1:1-16 This prophecy is against Edom. Its destruction seems to have been typical, as their father Esau's rejection; and to refer to the destruction of the enemies of the gospel church. See the prediction of the success of that war; Edom shall be spoiled, and brought down. All the enemies of God's church shall be disappointed in the things they stay themselves on. God can easily lay those low who magnify and exalt themselves; and will do it. Carnal security ripens men for ruin, and makes the ruin worse when it comes. Treasures on earth cannot be so safely laid up but that thieves may break through and steal; it is therefore our wisdom to lay up for ourselves treasures in heaven. Those that make flesh their trust, arm it against themselves. The God of our covenant will never deceive us: but if we trust men with whom we join ourselves, it may prove to us a wound and dishonour. God will justly deny those understanding to keep out of danger, who will not use their understandings to keep out of sin. All violence, all unrighteousness, is sin; but it makes the violence far worse, if it be done against any of God's people. Their barbarous conduct towards Judah and Jerusalem, is charged upon them. In reflecting on ourselves, it is good to consider what we should have done; to compare our practice with the Scripture rule. Sin, thus looked upon in the glass of the commandment, will appear exceedingly sinful. Those have a great deal to answer for, who are idle spectators of the troubles of their neighbours, when able to be active helpers. Those make themselves poor, who think to make themselves rich by the ruin of the people of God; and those deceive themselves, who call all that their own on which they can lay their hands in a day of calamity. Though judgment begins at the house of God, it shall not end there. Let sorrowful believers and insolent oppressors know, that the troubles of the righteous will soon end, but those of the wicked will be eternal.
THE BOOK OF OBADIAH Commentary by A. R. Faussett
This is the shortest book in the Old Testament. The name means "servant of Jehovah." Obadiah stands fourth among the minor prophets according to the Hebrew arrangement of the canon, the fifth according to the Greek. Some consider him to be the same as the Obadiah who superintended the restoration of the temple under Josiah, 627 B.C. (2Ch 34:12). But Ob 11-16, 20 imply that Jerusalem was by this time overthrown by the Chaldeans, and that he refers to the cruelty of Edom towards the Jews on that occasion, which is referred to also in La 4:21, 22; Eze 25:12-14; 35:1-15; Ps 137:7. From comparing Ob 5 with Jer 49:9, Ob 6 with Jer 49:10, Ob 8 with Jer 49:7, it appears that Jeremiah embodied in his prophecies part of Obadiah's, as he had done in the case of other prophets also (compare Isa 15:1-16:14 with Jer 48:1-47). The reason for the present position of Obadiah before other of the minor prophets anterior in date is: Amos at the close of his prophecies foretells the subjugation of Edom hereafter by the Jews; the arranger of the minor prophets in one volume, therefore, placed Obadiah next, as being a fuller statement, and, as it were, a commentary on the foregoing briefer prophecy of Amos as to Edom [Maurer]. (Compare Am 1:11). The date of Obadiah's prophecies was probably immediately after the taking of Jerusalem by Nebuchadnezzar, 588 B.C. Five years afterwards (583 B.C.) Edom was conquered by Nebuchadnezzar. Jeremiah must have incorporated part of Obadiah's prophecies with his own immediately after they were uttered, thus stamping his canonicity.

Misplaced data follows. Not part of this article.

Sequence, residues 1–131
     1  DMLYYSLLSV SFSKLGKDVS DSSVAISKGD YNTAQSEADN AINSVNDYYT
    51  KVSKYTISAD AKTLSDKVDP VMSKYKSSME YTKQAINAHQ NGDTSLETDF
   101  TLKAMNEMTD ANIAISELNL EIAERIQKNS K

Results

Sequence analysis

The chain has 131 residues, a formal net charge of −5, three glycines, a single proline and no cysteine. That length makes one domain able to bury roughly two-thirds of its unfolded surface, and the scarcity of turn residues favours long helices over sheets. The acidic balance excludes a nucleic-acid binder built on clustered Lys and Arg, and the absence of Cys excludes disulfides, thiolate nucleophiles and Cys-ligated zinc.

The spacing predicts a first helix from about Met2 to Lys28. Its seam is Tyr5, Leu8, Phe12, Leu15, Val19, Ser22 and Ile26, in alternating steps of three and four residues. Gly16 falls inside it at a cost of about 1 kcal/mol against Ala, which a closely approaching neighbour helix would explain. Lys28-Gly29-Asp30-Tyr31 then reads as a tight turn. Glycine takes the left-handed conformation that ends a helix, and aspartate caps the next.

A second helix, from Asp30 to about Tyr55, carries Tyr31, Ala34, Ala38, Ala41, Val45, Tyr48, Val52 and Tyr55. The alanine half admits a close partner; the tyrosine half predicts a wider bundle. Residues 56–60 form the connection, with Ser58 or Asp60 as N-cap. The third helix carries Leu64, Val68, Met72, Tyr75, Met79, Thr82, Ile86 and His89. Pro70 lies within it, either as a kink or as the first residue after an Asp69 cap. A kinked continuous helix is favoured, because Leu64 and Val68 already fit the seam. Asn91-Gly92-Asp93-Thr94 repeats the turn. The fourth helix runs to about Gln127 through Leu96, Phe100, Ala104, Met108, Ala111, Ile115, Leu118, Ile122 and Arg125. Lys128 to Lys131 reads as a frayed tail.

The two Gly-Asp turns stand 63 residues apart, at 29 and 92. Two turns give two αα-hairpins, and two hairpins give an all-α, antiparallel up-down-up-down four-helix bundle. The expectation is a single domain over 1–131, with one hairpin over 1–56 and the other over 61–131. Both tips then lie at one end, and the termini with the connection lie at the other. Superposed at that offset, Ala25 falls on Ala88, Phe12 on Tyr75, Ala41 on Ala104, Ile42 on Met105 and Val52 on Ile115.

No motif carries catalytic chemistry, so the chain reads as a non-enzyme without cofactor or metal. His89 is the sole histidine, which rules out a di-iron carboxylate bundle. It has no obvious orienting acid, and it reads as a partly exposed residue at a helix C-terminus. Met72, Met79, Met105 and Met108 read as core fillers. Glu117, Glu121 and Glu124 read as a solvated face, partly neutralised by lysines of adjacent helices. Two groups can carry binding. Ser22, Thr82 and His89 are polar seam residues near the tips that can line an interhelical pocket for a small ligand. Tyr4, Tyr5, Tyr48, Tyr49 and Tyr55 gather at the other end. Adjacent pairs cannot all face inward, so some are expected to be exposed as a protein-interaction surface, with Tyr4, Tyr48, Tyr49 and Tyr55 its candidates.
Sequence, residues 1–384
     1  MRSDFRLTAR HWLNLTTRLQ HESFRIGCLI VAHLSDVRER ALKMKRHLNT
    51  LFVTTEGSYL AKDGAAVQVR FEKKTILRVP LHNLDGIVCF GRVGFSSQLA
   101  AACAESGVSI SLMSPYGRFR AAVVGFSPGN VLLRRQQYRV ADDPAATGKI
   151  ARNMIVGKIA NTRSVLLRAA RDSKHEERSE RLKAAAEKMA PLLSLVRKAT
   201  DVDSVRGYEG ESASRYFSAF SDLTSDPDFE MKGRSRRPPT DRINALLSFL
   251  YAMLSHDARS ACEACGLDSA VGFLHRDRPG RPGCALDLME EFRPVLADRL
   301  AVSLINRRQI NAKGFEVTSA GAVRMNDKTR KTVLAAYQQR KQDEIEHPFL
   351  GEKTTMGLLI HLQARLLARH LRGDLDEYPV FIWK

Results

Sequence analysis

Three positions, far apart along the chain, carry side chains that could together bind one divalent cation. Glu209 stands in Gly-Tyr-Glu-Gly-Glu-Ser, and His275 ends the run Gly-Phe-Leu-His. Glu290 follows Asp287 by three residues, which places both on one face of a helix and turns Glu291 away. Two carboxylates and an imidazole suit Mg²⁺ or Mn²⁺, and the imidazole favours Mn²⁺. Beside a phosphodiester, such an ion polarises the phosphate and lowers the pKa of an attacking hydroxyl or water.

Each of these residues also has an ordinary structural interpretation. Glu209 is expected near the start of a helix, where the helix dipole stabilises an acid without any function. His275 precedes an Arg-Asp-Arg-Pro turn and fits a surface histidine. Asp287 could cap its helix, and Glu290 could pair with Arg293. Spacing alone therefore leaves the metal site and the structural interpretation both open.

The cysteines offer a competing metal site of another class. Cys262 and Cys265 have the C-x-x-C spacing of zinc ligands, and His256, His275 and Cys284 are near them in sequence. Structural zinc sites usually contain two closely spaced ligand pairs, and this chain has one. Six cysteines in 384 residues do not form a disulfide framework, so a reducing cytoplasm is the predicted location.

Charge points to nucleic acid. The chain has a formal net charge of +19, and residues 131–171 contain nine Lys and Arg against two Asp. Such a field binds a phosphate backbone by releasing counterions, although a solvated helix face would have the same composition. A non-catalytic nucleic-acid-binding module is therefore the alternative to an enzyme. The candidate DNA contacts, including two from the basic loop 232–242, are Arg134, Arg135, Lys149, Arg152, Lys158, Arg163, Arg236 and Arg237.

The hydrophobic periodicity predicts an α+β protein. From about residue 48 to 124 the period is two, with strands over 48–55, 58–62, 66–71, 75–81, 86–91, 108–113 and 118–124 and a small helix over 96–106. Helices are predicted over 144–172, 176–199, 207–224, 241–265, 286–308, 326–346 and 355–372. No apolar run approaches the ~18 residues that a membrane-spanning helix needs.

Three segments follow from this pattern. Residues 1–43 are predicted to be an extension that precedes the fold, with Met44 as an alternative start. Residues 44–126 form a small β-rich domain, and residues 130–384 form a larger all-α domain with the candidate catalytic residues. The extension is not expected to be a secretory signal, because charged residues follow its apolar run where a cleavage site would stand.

Jerome makes him contemporary with Hosea, Joel, and Amos. It is an argument in favor of this view that Jeremiah would be more likely to insert in his prophecies a portion from a preceding prophet than from a contemporary. If so, the allusion in Ob 11-14 will be to one of the former captures of Jerusalem: by the Egyptians under Rehoboam (1Ki 14:25, 26; 2Ch 12:2, &c.), or that by the Philistines and Arabians in the reign of Joram (2Ch 21:16, 17); or that by Joash, king of Israel, in the reign of Amaziah (2Ch 25:22, 23); or that in the reign of Jehoiakim (2Ki 24:1, &c.); or that in the reign of Jehoiachin (2Ki 24:8-16). On all occasions the Idumeans were hostile to the Jews; and the terms in which that enmity is characterized are not stronger in Obadiah than in Joe 3:19 (compare Ob 10); Am 1:11, 12. The probable capture of Jerusalem alluded to by Obadiah is that by Joash and the Israelites in the reign of Amaziah. For as, a little before, in the reign of the same Amaziah, the Jews had treated harshly the Edomites after conquering them in battle (2Ch 25:11-23), it is probable that the Edomites, in revenge, joined the Israelites in the attack on Jerusalem [Jaeger].
This book may be divided into two parts: (1) Ob 1-6 set forth Edom's violence toward his brother Israel in the day of the latter's distress, and his coming destruction with the rest of the foes of Judah; (2) Ob 17-21, the coming re-establishment of the Jews in their own possessions, to which shall be added those of the neighboring peoples, and especially those of Edom.
Ob 1-21. Doom of Edom for Cruelty to Judah, Edom's Brother; Restoration of the Jews.
1. Obadiah—that is, servant of Jehovah; same as Abdeel and Arabic Abd-allah.
We—I and my people.
and an ambassador is sent—Yea, an ambassador is already sent, namely, an angel, to stir up the Assyrians (and afterwards the Chaldeans) against Edom. The result of the ambassador's message on the heathen is, they simultaneously exclaim, "Arise ye, and let us (with united strength) rise," &c. Jer 49:14 quotes this.